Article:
In the mornings I’ve been reading very carefully the Christmas accounts in the gospel of Luke. One thing that really had me puzzled was the difference in angelic reactions to Zechariah and Mary. I mean, it was Gabriel who delivered the message in both cases.
In case you’re not aware, Zech was the father of John the Baptist. While offering prayers, most likely prayers on behalf of the people (not a personal prayer for a son, since he was a priest), an angel appeared to him. Like all people who see, or would see an angel today, he freaked out.
But good news soon came to him that he and his barren elderly wife would bear a son. So he asks, “How shall I know this? For I am an old man, and my wife is advanced in years.” The angels response is basically, “You let God figure that out. Just go on home and get on with your marital privileges.” But since he didn’t believe at first, God shut his mouth until the child was born. No talking for 9 months. Wow. Can you imagine that?
Well, Mary asks a question that seems very similar to her, and the same, unsolicited angel: “How will this be, since I am a virgin?” And the angel obliges her with a simple answer (although it really doesn’t make any logical sense-‘power of the Most High will overshadow you’) and reminds her that “nothing is impossible with God.”
Is this a double standard? Do young lasses get a pass while old priests don’t? Does God expect more out of old priest than young ladies regarding faith? Is this angelic affirmative action?
After looking at the passage in length, and looking up a commentary, which was largely unhelpful (that’s why its good for pastors to have 2-3 per bible book), I will, as George Mitchell did yesterday, report my findings. While the verbiage of the two questions in question look very similar, I think perhaps the heart behind the questions might have looked very different.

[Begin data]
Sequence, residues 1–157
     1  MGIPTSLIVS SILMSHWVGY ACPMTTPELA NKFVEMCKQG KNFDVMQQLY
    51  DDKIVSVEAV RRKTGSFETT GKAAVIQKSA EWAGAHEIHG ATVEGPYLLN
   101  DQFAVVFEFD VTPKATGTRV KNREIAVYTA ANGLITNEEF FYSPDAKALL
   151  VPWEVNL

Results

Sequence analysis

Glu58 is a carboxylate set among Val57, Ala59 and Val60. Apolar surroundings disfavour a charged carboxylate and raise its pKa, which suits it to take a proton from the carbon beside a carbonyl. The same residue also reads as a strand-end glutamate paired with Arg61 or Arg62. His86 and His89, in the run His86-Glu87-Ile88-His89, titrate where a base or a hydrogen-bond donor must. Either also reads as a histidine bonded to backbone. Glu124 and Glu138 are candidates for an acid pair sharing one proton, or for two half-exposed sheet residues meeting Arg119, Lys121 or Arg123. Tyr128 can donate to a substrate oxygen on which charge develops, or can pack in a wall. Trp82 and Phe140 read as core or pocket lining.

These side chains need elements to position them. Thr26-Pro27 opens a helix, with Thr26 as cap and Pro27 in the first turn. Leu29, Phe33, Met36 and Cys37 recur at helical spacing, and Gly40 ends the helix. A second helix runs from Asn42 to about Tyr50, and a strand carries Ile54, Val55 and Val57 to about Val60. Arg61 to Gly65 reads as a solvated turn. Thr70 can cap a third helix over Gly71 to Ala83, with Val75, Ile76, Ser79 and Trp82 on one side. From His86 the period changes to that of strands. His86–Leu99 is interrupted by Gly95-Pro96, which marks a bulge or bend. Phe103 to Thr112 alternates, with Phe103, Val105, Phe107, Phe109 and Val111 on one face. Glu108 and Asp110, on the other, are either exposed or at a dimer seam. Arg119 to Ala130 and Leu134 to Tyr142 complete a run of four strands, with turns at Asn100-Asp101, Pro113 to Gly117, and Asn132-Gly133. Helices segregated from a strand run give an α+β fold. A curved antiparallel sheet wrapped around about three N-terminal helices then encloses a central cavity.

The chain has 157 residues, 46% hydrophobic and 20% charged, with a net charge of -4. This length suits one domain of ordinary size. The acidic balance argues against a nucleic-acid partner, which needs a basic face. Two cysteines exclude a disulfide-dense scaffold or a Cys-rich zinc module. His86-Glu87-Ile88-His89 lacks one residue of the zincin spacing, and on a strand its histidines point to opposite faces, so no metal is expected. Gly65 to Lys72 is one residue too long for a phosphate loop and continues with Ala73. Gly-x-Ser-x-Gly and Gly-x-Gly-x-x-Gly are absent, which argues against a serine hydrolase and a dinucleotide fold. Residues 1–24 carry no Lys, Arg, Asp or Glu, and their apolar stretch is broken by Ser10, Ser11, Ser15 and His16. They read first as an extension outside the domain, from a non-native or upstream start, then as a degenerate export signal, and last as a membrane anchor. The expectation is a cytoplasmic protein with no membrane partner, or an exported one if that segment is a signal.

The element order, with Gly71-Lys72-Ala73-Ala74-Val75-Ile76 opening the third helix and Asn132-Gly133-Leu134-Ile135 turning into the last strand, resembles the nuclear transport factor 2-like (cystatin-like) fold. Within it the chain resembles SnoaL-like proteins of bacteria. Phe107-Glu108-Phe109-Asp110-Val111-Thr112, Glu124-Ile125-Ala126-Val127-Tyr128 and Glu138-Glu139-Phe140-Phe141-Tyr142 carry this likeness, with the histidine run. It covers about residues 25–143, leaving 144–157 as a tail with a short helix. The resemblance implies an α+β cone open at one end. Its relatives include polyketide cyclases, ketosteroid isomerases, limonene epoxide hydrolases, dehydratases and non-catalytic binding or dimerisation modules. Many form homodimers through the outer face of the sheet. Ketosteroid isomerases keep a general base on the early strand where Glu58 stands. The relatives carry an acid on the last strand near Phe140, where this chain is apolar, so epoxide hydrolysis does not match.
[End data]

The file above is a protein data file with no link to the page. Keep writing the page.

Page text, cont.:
With only written words, we are not privy to tone, which I’m learning in marriage, makes a HUGE difference in communication. I don’t know what Zech sounded like when he questioned the angel’s good news.
Ultimately though, I think that what we have is the difference between doubt and a simple question of ‘how’ or “Am I hearing you correctly?” Zech could have been more of a “Yeah, sure, whatever” or “How am I supposed to believe that?” versus Mary’s “How will that happen-I’m still a virgin and I think I should stay one until I’m officially married.”
But another explanation can be found if we simply look at the scenario. An angel brings great news, good news not only to YOU, but to your nation, and to the world. You can imagine the joy in which it was brought. And then the dude you’re bringing it to says, “How am I supposed to believe that?” I’d have shut that joker up for a lot longer than 9 months!
Regardless, there was more a difference in heart than exactly what was being expressed in words. And the issue of the heart has always been what God cares about. It is the heart which God looks at, not simply the words being expressed. The heart. “More than words,” said one early 90’s band called Extreme.
I haven’t read the OT passage lately, but I think a similar attitude of the heart comes up when we think of the difference in Cain’s and Abel’s offerings.ge